Amazon Prime ‘Free Trial’ Ad Banned In UK Over Hidden Fees

An Amazon Prime advertisement offering consumers a free 30-day trial has been banned in the UK by a consumer watchdog agency because it wasn’t clear a paid subscription would start right away if not cancelled.

Britain’s Advertising Standards Authority made the decision to ban the ad after receiving complaints from six people that Amazon Prime had not made it clear they would be charged a subscription fee for failing to cancel their account. They also complained about the ad not stating Amazon Prime subscription costs, according to The Guardian.

The plastic direct mail coupon from Amazon Prime said: “Dear (recipient’s name), I’m sending you this letter because I want you to know that you are eligible for a free trial of Amazon Prime… Start your 30-day free trial today and watch as much as you want… That’s all there is to it…”

It would have given customers access to free shipping for a month along with a list of free videos streaming online, but instead sparked a storm of comments on Twitter.


Small letters printed on the bottom of the Amazon Prime card said, “Paid subscription starts automatically after free trial unless cancelled,” but that wasn’t enough for the advertising watchdog agency, which said the ad was misleading.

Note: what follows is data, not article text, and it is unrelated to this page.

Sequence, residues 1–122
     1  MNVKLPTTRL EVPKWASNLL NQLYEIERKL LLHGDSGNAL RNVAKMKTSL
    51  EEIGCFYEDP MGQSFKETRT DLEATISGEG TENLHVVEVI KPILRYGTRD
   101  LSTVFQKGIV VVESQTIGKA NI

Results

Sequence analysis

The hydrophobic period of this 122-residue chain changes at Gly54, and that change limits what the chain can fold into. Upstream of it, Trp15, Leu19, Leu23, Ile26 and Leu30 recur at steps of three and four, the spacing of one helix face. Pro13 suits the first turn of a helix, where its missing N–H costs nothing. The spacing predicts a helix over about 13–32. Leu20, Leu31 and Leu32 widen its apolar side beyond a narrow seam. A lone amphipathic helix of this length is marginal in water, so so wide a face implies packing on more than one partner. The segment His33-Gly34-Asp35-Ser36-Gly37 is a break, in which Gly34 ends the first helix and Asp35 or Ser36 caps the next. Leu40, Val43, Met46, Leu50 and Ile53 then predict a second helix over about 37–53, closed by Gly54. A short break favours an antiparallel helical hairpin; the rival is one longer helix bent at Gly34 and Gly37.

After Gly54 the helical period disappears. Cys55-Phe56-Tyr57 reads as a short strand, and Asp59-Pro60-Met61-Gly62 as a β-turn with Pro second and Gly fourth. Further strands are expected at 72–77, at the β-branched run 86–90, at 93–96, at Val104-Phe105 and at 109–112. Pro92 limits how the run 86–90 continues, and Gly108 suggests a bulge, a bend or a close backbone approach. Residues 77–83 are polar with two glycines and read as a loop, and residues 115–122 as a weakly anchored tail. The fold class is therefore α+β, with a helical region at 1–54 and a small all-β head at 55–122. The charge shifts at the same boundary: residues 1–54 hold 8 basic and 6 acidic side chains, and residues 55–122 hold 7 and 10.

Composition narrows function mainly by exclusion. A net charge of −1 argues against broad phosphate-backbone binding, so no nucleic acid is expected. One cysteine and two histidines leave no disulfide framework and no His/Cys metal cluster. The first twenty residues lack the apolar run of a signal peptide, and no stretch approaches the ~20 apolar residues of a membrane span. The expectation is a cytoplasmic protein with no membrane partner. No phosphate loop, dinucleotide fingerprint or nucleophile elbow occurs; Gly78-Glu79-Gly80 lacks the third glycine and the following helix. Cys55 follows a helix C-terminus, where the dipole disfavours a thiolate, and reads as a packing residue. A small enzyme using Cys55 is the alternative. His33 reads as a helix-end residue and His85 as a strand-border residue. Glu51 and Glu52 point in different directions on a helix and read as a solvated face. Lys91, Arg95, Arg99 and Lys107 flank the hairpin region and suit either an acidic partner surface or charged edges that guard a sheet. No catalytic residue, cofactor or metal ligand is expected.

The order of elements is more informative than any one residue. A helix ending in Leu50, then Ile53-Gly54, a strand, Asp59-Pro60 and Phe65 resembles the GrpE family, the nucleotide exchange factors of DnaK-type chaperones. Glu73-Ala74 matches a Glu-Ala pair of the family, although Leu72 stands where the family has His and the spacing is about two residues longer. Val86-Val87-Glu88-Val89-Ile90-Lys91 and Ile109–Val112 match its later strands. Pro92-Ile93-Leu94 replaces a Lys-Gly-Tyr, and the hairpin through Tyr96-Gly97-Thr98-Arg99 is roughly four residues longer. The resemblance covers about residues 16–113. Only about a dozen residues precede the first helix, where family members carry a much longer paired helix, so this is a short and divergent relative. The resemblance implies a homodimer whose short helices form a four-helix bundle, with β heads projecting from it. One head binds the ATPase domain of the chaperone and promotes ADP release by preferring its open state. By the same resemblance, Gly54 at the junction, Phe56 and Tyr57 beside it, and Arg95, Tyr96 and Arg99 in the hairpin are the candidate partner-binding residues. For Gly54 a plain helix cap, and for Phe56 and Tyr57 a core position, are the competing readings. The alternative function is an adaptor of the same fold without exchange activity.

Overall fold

“We did not consider that it was sufficient to include the information about the automatic paid subscription in the small print of the ad only and therefore did not consider that that information was sufficiently prominent to make clear the extent of the commitment consumers must make to take advantage of the offer. We concluded the ad was likely to mislead.”

Amazon Europe said it was normal for companies to convert free trials to paid subscriptions if they weren’t cancelled and consumers would know this. They also said users were reminded of the fee again during the registration process.

The BBC reported that 10 million people signed up with Amazon Prime during the last three months of 2014.

The agency also said the advertisement misled consumers by not clearly stating they would be charged £79 a year for membership or that the charge for Amazon Prime Instant Video was £5.99 a month.

The agency banned Amazon Prime from sending out the ad again in its current form.

As reported by the Inquisitr, Amazon Prime video offerings this month will include the movie Taxi Driver, the TV show Drunk History, Donnie Brasco and the movie Hustler.